bot1-1024x575Twenty five years ago we arrived in New Zealand with minds full of plans and possibilities for service to
the Lord in a country where our hearts still remained, Botswana.

More specifically, to a little village called Tshesebe, tucked away in the North East corner near to the Plumb-tree Border Crossing into Zimbabwe. Our plans to return to Tshesebe after a few months' furlough were changed however and we had to make new plans to re-establish ourselves in New Zealand.

Twenty five years later ... Wow! That's half a lifetime and when we think of all that has happened in that time we wonder if there is any room left for more growth. For the Lord has certainly filled those years with wonderful opportunities of service. Although all hope of returning to serve in Botswana had been put aside, here we are twenty five years later.

Well, isn't the Lord's plan so different to ours. We were presented with an opportunity to return to Botswana for a holiday which gave us the means also to find 'closure' about all those dreams we had in the past. So now let's just enjoy the time, re-visit those things we were familiar with, say goodbye, then return to New Zealand and get on with life.

We discovered during our month in Botswana that God can re-kindle even the smallest flame. That dull spark turned into a furnace as we re-visited Tshesebe and prayerfully sought the Lord as to the possibilities. As the Lord restored those old desires He seemed to be telling us that He hadn't finished with us yet in Tshesebe and was re-opening the way.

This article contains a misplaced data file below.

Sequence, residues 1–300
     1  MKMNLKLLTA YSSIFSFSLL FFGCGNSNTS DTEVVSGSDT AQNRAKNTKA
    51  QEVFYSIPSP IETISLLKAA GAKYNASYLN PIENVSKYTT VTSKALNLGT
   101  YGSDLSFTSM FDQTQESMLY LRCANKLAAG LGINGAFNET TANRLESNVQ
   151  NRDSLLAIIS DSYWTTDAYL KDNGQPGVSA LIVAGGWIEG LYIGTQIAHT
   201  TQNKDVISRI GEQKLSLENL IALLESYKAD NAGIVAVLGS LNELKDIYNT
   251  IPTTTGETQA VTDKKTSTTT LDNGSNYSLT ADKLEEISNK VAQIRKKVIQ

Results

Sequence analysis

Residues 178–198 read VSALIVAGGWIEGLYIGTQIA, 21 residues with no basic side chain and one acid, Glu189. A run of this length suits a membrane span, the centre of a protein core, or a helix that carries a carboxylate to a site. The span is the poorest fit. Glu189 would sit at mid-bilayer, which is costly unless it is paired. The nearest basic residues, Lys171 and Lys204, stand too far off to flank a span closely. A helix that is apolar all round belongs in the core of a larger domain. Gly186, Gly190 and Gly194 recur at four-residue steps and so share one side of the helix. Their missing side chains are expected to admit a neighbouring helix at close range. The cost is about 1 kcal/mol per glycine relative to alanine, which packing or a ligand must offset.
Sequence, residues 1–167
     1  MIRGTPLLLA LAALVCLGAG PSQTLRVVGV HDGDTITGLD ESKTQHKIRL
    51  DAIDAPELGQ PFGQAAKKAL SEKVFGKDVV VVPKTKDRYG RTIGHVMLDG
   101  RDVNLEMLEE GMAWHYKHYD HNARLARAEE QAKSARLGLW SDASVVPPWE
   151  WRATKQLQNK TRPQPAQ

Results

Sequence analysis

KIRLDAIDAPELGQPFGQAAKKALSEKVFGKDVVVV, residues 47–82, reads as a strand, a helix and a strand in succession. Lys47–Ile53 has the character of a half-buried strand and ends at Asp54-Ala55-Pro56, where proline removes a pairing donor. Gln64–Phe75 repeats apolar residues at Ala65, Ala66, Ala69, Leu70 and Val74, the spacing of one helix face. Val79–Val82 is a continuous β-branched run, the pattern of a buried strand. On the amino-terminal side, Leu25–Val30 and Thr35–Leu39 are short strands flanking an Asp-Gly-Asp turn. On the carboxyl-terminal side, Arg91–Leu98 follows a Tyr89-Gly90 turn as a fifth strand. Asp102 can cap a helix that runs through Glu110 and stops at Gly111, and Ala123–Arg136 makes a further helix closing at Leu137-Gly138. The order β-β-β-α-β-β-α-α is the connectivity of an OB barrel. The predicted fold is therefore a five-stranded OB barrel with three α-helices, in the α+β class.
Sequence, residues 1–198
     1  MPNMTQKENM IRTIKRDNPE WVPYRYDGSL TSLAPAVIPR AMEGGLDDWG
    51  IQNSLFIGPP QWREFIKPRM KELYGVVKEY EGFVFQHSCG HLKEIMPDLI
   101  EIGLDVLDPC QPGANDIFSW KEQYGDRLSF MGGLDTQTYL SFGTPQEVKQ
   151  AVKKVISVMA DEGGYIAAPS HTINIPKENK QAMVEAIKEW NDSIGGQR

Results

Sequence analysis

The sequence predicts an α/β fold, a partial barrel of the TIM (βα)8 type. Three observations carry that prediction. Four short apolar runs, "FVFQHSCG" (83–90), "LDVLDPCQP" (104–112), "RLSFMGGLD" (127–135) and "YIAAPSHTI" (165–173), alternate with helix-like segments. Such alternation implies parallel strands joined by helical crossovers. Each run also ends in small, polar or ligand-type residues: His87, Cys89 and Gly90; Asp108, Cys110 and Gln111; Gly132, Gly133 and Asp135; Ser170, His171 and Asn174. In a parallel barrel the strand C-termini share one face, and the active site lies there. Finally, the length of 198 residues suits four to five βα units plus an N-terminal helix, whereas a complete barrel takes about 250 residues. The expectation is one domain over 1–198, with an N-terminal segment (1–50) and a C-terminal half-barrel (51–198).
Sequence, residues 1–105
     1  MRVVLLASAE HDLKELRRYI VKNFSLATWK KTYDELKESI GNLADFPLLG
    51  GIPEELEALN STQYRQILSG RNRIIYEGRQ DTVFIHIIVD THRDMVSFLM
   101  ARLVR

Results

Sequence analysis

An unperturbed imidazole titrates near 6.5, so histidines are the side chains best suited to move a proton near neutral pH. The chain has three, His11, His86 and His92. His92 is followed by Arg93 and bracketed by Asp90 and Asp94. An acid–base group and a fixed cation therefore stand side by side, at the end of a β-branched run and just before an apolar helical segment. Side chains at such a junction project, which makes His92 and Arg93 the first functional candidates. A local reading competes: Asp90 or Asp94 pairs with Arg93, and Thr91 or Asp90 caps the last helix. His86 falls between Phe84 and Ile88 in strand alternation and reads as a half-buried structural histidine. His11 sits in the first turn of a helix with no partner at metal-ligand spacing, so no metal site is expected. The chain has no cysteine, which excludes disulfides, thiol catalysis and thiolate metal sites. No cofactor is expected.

One year later, almost to the day, we walked through the customs gate at the airport in Gaborone to be greeted by Debbie, the baby we had tried to adopt, now married with a child of her own. And we proceeded through the next week getting ourselves organised for life in the village of Tshesebe.

The drive north was long and hot. But finally we arrived in the late afternoon at our plot and the small white 8x4m oval rondavel we'd called home twenty five years earlier. We cleared an area to erect our tents and settled in for the first night, "Home".

"Hey lekoa (white man) what are you doing there?" seemed to be a reasonable question for the young people to ask. In all our efforts to try to explain, we were more than grateful when a familiar but older face showed up, greeted us and welcomed us back to our village.

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